Try to learn to breathe deeply, really to taste food when you eat, and when you sleep, really to sleep. Try as much as possible to be wholly alive with all your might, and when you laugh, laugh like hell. And when you get angry, get good and angry. Try to be alive. You will be dead soon enough.
There is a Vietnamese proverb, “Tri tuc, tien tuc, dai tuc, ha thoi tuc.” That means, settling for “good enough” is enough. If we wait until all our needs and wants are met, we may wait forever. “Tri tuc” means “good enough.” “Good enough” means being content with the minimum amount necessary. Your shirt and pair of shoes can last another year. It’s all right for three or four people to share a desk for studying, there’s no need for each to have her own desk. Settling for “good enough” in terms of simple living will bring us contentment, satisfaction, and happiness immediately. As long as we think our lives are not good enough (materially), we will not have happiness. As soon as we realize our lives are good enough, happiness immediately appears. That is the practice of contentment.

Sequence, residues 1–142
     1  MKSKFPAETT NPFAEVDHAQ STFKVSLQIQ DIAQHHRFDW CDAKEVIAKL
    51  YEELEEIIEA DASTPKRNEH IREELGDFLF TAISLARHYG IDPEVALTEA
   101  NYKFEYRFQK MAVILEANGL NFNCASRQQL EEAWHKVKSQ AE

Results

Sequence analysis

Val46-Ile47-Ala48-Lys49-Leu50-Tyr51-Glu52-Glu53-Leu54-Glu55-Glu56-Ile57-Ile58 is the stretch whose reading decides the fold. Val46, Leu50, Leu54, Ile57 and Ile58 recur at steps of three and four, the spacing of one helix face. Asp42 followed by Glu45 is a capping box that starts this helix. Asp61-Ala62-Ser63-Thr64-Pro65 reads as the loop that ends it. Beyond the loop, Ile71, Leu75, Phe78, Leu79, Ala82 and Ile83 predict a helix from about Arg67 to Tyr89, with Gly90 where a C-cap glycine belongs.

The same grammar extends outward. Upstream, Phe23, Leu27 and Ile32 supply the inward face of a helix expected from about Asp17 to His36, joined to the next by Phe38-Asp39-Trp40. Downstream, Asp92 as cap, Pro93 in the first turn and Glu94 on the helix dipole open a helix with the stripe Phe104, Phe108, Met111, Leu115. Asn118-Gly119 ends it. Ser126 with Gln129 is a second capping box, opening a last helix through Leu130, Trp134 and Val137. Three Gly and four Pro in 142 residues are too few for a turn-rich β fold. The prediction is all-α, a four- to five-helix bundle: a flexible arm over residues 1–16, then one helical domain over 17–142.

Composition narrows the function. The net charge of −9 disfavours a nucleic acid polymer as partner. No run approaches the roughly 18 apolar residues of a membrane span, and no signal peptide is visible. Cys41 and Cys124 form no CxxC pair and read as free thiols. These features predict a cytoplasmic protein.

In Vietnam there’s a school of Buddhism called the Four Gratitudes. Just by practicing gratitude, we can find happiness. We must be grateful to our ancestors, our parents, our teachers, our friends, the Earth, the sky, the trees, the grass, the animals, the soil, the stones. Looking at the sunlight or at the forest, we feel gratitude. Looking at our breakfast, we feel gratitude. When we live in the spirit of gratitude, there will be much happiness in our life. The one who is grateful is the one who has much happiness while the one who is ungrateful will not be able to have happiness.
Thich Nhat Hanh.
Photo by Jeremy Villasis.
Leave the mind in its natural, undisturbed state. Don’t follow thoughts of “This is a problem, that is a problem!” Without labeling difficulties as problems, leave your mind in its natural state. In this way, you will stop seeing miserable conditions as problems.
Lama Zopa Rinpoche.
Photo by Connie “Permanent Stranger.”